You add these together to make up the total number of credits you need to complete your qualification. For example, most undergraduate degrees are made up of 360 credits, spread out over three years if you're studying full-time. Most certificates are 60 credits, spread out over six months if studying full-time.
Create a study plan
To create your study plan, you need to know:
- the courses you must take to complete your qualification (these are known as core courses, or compulsory courses)
- the courses you need for your major, minor, endorsement or subject
- what courses are elective, meaning you can choose to follow your interests
- if any of your courses need to be completed in a certain order.
You can find this information on qualification pages.
Identify the order of your courses
Some courses need to be completed in a certain order to meet the requirements of your qualification. Check whether your qualification has any of these.
Some courses need to be completed before moving onto the next one. For example, a lot of 200-level courses have 100-level prerequisite courses.
These are courses that must be completed at the same time as another course.
Some courses are restricted against each other because their content is similar. This means you can only choose one of the offered courses to study and credit to your qualification.
Check timetable clashes for on-campus study
On-campus students need to make sure there aren't any timetable clashes when selecting courses. You'll be able to view timetable information when you enrol for courses in the student portal (login required).
If you are having trouble fitting in your courses and you need some help, contact our Academic Advisers.
Check what skills you need
Before you enrol into your courses, check you meet the entry requirements, which are outlined in the course description. These may include certain skills relevant to your course, or English language requirements.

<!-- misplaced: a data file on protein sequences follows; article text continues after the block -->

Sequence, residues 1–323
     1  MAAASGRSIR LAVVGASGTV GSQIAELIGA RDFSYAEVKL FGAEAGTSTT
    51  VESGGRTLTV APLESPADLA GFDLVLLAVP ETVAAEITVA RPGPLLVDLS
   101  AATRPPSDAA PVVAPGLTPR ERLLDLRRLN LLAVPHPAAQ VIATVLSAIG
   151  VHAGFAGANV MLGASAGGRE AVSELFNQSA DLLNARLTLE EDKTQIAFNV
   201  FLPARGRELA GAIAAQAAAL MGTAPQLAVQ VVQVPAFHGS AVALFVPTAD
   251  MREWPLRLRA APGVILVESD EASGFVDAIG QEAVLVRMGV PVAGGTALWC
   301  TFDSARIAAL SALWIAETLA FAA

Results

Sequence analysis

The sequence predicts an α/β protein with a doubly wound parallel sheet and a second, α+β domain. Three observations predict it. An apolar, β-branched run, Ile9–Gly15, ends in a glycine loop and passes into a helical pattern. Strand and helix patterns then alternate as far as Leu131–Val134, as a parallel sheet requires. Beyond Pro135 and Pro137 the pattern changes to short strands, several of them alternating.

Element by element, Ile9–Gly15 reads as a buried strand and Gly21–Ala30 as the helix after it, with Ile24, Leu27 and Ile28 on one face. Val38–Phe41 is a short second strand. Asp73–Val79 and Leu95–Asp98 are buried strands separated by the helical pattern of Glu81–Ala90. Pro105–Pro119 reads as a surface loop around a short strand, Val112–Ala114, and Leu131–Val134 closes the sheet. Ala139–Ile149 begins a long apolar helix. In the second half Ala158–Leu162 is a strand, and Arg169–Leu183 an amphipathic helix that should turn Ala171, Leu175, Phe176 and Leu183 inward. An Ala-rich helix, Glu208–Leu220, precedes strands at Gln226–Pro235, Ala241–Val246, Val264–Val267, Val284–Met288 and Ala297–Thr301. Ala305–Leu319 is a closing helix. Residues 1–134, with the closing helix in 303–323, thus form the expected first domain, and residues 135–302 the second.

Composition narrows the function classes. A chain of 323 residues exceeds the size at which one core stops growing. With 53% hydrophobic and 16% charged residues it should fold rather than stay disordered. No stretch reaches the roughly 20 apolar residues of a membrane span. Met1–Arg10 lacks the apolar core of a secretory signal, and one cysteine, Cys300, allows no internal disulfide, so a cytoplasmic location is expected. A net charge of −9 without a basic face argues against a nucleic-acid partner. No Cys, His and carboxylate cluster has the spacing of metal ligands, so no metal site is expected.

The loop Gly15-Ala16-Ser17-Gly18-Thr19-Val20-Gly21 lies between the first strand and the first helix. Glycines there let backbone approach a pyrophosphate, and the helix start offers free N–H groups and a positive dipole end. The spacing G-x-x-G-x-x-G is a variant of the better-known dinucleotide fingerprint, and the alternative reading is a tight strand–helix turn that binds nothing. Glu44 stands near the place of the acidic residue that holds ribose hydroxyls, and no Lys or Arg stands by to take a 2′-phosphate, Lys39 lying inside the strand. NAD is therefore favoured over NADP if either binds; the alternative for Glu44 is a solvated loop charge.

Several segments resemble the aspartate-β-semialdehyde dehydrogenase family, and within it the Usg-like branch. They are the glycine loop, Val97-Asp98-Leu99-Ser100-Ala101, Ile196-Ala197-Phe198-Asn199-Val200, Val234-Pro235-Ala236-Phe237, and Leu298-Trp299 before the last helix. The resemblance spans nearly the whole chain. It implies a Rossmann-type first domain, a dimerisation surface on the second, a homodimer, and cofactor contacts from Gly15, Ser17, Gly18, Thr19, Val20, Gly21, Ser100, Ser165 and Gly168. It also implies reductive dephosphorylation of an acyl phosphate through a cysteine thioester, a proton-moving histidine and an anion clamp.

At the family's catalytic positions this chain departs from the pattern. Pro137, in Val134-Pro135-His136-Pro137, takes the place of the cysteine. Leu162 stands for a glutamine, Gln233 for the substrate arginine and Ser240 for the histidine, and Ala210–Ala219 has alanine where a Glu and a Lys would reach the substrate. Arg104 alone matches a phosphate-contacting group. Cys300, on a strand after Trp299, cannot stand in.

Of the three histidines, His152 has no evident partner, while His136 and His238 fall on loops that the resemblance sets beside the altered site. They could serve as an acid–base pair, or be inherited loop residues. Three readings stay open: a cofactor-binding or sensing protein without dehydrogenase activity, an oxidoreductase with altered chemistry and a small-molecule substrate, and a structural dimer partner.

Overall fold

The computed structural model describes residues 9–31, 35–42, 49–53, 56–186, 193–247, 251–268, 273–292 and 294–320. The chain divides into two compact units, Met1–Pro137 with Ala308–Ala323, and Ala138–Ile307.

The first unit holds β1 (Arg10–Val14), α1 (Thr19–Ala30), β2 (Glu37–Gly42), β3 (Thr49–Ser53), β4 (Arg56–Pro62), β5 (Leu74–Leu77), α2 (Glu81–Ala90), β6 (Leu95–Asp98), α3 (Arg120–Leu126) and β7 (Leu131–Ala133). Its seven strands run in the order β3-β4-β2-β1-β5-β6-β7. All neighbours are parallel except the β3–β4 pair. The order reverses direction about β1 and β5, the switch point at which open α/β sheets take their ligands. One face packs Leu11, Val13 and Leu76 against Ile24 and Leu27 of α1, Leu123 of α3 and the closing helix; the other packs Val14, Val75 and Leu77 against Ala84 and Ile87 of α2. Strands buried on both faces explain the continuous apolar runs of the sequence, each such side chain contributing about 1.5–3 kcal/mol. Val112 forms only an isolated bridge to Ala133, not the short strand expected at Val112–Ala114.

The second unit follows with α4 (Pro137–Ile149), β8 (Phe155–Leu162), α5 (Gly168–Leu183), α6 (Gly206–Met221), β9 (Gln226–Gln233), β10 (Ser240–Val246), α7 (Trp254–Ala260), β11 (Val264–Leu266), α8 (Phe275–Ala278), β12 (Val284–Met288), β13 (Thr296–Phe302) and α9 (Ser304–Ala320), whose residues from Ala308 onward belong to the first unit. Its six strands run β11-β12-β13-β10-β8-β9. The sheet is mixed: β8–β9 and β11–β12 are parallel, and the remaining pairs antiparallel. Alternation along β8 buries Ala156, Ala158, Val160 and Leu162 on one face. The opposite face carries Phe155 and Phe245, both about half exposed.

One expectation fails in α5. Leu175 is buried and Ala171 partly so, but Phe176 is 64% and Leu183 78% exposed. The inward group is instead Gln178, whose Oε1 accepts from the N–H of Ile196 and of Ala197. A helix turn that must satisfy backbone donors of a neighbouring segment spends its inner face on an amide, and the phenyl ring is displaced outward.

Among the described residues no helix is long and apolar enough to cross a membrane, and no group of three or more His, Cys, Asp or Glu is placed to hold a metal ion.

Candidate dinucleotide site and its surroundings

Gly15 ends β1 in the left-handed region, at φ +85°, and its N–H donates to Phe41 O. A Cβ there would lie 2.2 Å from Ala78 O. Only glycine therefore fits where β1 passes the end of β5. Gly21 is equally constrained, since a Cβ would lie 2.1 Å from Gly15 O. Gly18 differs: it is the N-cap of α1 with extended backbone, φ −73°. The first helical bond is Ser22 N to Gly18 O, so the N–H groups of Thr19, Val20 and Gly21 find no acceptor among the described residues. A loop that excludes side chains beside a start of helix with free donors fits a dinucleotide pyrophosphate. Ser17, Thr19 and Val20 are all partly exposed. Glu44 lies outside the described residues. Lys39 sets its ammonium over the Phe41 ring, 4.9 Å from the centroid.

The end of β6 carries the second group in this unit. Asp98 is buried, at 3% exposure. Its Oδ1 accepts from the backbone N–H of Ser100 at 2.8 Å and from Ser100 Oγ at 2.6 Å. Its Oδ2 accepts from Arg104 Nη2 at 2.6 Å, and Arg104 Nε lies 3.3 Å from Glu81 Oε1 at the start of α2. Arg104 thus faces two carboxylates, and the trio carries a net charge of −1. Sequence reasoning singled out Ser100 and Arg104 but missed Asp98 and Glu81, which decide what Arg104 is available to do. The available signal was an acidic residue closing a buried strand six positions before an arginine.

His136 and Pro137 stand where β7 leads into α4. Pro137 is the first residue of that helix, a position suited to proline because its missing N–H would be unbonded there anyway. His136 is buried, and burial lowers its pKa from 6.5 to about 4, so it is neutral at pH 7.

Plan your workload
To make sure your workload is manageable and to keep a good balance between your study and personal life, we recommend you limit yourself to four courses per semester (60 credits) if studying full-time.
The maximum number of courses you can take each academic year is 12 (180 credits). You'll need permission from us to do this maximum workload.
Studying by distance
If you're a distance student, you'll also need to consider other life commitments around your study when planning your courses.
When you plan your study, consider that:
- a 15-credit single-semester course typically needs 10 to 12.5 hours of study each week
- a 15-credit double-semester course typically takes about five to 6.5 hours of study each week.
Recognition of other qualifications and experience
You may be able to use credits or knowledge earned in previous study or experience towards your future study.
Credit may be awarded for:
- completed tertiary qualifications
- incomplete tertiary qualifications
- informal learning (skills, knowledge and other attributes obtained through training, work experience or life experience).
Calculate your costs
Knowing what tuition fees and other non-tuition costs you will face during the year is an important part of the planning process.
International students also need to allow for other costs, such as living costs, insurance and travel between New Zealand and their home countries.
Planning for distance courses
If you are studying by distance you may have specific requirements to plan for as part of your courses. These include attending contact workshops in person, which may involve travel time and accommodation costs.
Decide when you'll study
When you choose your courses, you'll need to think about which semester you want to study in.
The academic year is made up of two semesters followed by Summer School. Semesters One and Two each have 12 teaching weeks and an exam/assessment period at the end.
Double Semester courses usually run over Semester One and Two, with just one exam/assessment period at the end. Summer School runs from November to February, and also includes an exam period.
A winter break of three weeks is normally scheduled between the Semester One examination period and the start of Semester Two. Both semesters also have a mid-semester study break.
Some courses do not share the same start and end dates as Semester One and Two. This will be set out in your qualification regulations.
Understand key dates
You'll need to enrol for your courses by a certain date before the start of the next semester, to make sure you don't miss out on a place.
It's also important to note semester and exam period dates to plan your workload around.
Where to get help
Academic Advisers are the people who can give more in-depth advice about course selection to help you plan your qualification.
What to do if the course you want to study is full and how and when to apply for a special permission to enrol in a course.
Find out how to make changes in your study including adding and withdrawing from courses and qualifications.
Discover what you can study with Massey – whether you’re joining us as a first-time student, returning to study or changing direction.